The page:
“I have a Master’s Degree in Folklore and Mythology.”
Comic Book Guy, The Simpsons. “Three Men and a Comic Book” Image courtesy of Simpson Crazy
I nearly choked when I heard Comic Book Guy utter that gem to Bart. My husband had a good laugh at my expense, too. You see, I have very similar degrees: BA & MA Humanities (focus on cultural anthropology, especially folklore). I think, though, that in this digital age, Comic Book Guy may have the last laugh. Folklore is alive and well and providing a way to connect with the people and world around us.
The beauty of the Arts is that it encourages us to look at the world through a variety of perspectives. Even though it’s been a while since I sat in a lecture hall, that tendency to analyze and connect dots has never quite left me. So, when the internet beckoned with its memes, stories and macro images, how could I resist? I wondered whether, in this digital age, folklore continues to be an important resource for modern storytellers.
Talk about folklore and most people think of Grimm tales or cultural dances. For sure, that’s all part of it, but, also so much more – past, present and future. Folklore is made up of the creative stuff (stories, myths, legends, music, dances, food, art techniques, language) that a group invents, adapts and uses. Its purpose is to help people find meaning and pass on important information about their culture. Historically, it’s existed primarily within the oral realm. People meet, talk and share what they know. But, the internet, because it’s so fluid and social, has also become the perfect conduit.
Trevor J. Blank, Assistant Professor of Communication at the State University of New York at Potsdam, in an interview with Digital Preservation suggests, “Contrary to popular belief, folklore is just as much, if not more, of an agent of the present as it is of the past.”
There is a ton of folklore all over the internet. Take, for example, the simple meme. A meme is basically any part of a culture that’s passed from person to person. It can be imitated or adapted. Memes are popular because they tell us something about ourselves. Check out the Hamster Dance (which continues to be shared and personalized). Hmm, what does that say about us?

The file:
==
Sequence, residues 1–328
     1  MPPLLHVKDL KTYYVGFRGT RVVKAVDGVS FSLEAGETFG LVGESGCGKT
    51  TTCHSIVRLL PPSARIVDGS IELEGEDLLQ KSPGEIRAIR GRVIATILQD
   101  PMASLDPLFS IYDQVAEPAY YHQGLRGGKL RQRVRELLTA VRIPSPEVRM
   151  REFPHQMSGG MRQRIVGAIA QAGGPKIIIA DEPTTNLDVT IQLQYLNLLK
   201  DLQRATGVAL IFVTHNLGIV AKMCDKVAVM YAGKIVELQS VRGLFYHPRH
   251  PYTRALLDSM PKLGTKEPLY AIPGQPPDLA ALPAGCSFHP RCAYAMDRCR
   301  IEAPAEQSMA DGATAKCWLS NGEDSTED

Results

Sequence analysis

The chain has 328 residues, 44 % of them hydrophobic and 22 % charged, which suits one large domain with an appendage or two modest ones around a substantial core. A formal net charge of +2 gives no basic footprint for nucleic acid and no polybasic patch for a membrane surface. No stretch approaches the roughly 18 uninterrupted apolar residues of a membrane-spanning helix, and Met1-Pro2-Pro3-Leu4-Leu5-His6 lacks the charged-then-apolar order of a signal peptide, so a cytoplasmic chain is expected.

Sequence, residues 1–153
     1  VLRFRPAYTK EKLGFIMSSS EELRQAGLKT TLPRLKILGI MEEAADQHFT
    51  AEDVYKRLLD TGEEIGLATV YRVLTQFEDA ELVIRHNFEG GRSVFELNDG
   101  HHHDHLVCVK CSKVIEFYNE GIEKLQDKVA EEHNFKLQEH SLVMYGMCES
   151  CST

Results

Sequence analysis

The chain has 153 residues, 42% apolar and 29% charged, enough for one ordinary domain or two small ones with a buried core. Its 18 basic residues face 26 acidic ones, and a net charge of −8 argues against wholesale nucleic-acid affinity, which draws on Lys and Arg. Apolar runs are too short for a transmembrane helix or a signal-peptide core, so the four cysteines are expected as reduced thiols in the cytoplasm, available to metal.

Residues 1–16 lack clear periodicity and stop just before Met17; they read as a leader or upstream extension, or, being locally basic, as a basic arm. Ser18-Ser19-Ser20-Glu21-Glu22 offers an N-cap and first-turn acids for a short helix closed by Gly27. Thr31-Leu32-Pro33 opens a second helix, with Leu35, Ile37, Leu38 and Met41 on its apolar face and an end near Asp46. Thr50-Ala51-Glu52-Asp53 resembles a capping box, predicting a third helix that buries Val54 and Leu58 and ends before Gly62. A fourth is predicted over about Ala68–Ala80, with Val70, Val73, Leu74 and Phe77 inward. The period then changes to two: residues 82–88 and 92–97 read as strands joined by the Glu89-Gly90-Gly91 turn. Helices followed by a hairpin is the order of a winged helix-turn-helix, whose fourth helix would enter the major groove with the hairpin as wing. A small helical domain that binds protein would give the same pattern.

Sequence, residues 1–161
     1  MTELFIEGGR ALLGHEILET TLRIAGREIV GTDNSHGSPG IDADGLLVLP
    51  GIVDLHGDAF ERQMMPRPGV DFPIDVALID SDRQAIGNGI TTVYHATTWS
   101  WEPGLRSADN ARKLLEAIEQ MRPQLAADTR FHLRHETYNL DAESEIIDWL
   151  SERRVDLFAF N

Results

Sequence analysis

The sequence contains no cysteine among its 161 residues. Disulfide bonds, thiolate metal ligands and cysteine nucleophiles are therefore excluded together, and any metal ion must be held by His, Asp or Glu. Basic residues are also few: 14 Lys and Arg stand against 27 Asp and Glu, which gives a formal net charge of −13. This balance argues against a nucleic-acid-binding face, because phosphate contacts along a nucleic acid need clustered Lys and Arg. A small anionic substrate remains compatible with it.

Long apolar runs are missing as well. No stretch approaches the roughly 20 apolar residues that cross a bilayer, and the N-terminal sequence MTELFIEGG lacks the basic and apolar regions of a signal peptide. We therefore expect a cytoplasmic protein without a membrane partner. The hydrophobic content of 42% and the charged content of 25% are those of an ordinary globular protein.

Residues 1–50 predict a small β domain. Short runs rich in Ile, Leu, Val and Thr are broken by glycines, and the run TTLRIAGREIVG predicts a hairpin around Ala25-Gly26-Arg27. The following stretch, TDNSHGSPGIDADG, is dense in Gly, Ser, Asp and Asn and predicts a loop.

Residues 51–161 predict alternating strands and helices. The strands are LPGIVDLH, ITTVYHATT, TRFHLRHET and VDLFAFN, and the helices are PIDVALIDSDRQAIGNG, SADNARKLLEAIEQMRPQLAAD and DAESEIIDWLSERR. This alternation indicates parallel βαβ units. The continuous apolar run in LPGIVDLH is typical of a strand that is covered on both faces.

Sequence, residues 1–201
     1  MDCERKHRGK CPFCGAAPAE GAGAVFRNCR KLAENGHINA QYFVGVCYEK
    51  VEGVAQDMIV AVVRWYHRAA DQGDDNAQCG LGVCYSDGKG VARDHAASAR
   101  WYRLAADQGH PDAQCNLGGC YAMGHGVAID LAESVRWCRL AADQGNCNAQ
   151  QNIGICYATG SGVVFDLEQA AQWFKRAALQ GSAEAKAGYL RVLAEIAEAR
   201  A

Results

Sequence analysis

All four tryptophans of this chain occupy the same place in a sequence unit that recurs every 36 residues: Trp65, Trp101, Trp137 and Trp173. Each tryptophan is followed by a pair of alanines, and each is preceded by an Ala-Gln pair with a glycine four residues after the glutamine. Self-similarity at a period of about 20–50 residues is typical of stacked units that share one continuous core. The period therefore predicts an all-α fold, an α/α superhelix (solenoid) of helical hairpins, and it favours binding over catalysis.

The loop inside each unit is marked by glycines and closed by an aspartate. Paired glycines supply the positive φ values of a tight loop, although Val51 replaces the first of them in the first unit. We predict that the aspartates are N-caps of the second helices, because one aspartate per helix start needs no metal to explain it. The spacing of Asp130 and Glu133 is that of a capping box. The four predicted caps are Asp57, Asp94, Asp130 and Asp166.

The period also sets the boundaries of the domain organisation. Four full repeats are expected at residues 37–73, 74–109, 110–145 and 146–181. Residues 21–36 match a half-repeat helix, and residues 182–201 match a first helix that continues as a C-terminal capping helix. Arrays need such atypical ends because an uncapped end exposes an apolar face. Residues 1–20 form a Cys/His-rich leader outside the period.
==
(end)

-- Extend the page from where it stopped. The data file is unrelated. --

You’ve probably come across other kinds of internet folklore perhaps without knowing what you were witnessing. The chain letter, for instance. In the old days, a letter would worm its way into our hands via snail mail. Now, it’s become a fixture on Facebook feeds and email. It could be an image of a child on a hospital bed, the caption reading something like: She only has six months to live! Corporate sponsors will donate 5 cents for every share! Other images you’ll see depict a four-leaf clover or dollar bills, and the promise of good news or money is offered. In each case, the instruction to the reader is to pass the post on to receive the reward or, if you don’t, suffer the unfortunate consequences.
Then there’s Slender Man.
Slender Man is … well … I’ll let the good people at Know Your Meme fill you in:
One camp of folklorists will tell you that Slender Man is fakelore because it was invented and recorded by a single person. That was my initial reaction, too. But now, I see it as a good example of how people can take something that speaks to them and alter it according to their own context. The original story may have been written by one person. But, it’s since grown legs (hee, hee). Those who hear it will often then turn around and re-tell it, adding their own creative touches, demonstrating how folklore continues to inform us and others about who we are.
And speaking about stories, I came across Comestibles’ Orange Barley Water, a great Roman recipe based on the Greek myth of Persephone and Hades.